Given these factors, it is clearly advantageous to make all the configuration decisions first, before undertaking any data conversion. Similarly, the new data files should be checked for accuracy and completion before they are uploaded into the new system. TACL did this by defining the business rules and running exception queries against the data. Once the data was uploaded to the new system, a combination of manual reports and automated queries was used to reconcile the converted data with the expected results.

It all sounds like good common sense, but it’s surprising how often these crucial steps are given short shrift in order to hasten the process of bringing new systems online.

For the TACL project, Mikulicic is supported by three implementation teams: one handling the financial and HR applications, another overseeing the core business functions, and a third that acts as an overseer or bridge between the other two. The third team’s role is one that is increasingly important given the growing consolidation of most company’s back-office functions, where the objective is to capture data once and share it between applications. When that data capture can be tied in to processes that add direct value to the organization – those that are used in line or plant operations, for example – so much the better. Not only is that more cost-effective, it also provides line employees with the most visible demonstration of the real value of the data they are being asked to input.


Clearly, it takes a team with a solid understanding of all the company’s systems, and the data being collected by each of them, to eliminate all the requests for duplicate inputting. No less tricky a task is ensuring that data adjustments made in one application are reflected in all other applications that share the data. This is a challenge foreseen by Falconbridge in implementing one of the most visible aspects of its new HR systems: its intranet or web-based HR sites, which a large number of the company’s employees are accessing.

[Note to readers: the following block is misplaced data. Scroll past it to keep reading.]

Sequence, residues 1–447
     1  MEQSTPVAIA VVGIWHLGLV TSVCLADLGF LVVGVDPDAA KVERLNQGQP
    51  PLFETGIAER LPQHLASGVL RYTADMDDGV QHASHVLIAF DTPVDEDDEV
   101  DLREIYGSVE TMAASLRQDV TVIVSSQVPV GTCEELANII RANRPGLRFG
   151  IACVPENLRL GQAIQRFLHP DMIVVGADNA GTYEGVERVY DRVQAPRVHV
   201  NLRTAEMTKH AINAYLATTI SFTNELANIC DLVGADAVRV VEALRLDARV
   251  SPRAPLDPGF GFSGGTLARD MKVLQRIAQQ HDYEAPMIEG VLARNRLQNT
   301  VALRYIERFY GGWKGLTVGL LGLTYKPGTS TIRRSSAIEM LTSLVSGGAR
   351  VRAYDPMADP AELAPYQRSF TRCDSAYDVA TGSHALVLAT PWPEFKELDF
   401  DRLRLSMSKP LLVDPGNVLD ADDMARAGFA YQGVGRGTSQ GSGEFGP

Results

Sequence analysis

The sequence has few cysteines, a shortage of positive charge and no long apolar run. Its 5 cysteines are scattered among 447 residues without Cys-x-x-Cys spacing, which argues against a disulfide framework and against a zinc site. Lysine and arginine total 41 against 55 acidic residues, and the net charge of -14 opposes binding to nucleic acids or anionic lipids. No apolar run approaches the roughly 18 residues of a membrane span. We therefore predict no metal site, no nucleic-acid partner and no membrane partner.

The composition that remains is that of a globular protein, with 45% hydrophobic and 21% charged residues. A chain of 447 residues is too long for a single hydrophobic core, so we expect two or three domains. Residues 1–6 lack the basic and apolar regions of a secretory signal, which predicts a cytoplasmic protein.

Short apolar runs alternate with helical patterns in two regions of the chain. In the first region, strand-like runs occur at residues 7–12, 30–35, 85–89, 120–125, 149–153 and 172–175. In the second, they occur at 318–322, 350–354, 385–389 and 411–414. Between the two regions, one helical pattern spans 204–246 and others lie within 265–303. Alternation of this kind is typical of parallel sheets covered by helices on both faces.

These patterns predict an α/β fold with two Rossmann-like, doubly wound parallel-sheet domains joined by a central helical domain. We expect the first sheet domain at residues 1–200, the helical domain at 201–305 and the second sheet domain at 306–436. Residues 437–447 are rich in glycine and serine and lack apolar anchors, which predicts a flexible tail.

“Some web-based information is easy to develop. Administrative tables, where employees can update their addresses, information about their beneficiaries and so on are relatively easy to implement,” says Lloyd Dunham. “It’s much more difficult to handle information about vacations or sick days since it ties in with other reports and systems. For example, we don’t want someone electronically filing their work time or vacation dates through the website and not having that information reflected in the production applications where we use information on labour availability to put together work teams.”

Complicating matters for Falconbridge is the fact that as many as one-third of its workforce doesn’t have direct online access, making it difficult to fully automate all HR, labour and other employee-related functions. Until those problems are resolved, the company will continue simultaneously using some of its existing systems, including paper-based ones, which is a relatively common practice when bringing new HR systems online. Of course, the objective is to minimize the period of simultaneous runs as much as possible.

“We may need to introduce online kiosks or create electronic buffers at critical points,” Dunham says. “Eventually, though, we’ll extend the reach of our online HR systems to everyone.”

Perhaps the bottom line on HR systems is that they are a breed unto themselves, and carry with them there own set of challenges. Not to be taken lightly.

Nat D’Ercole is a senior manager with Deloitte & Touche Management Solutions in Mississauga, Ontario. He can be reached at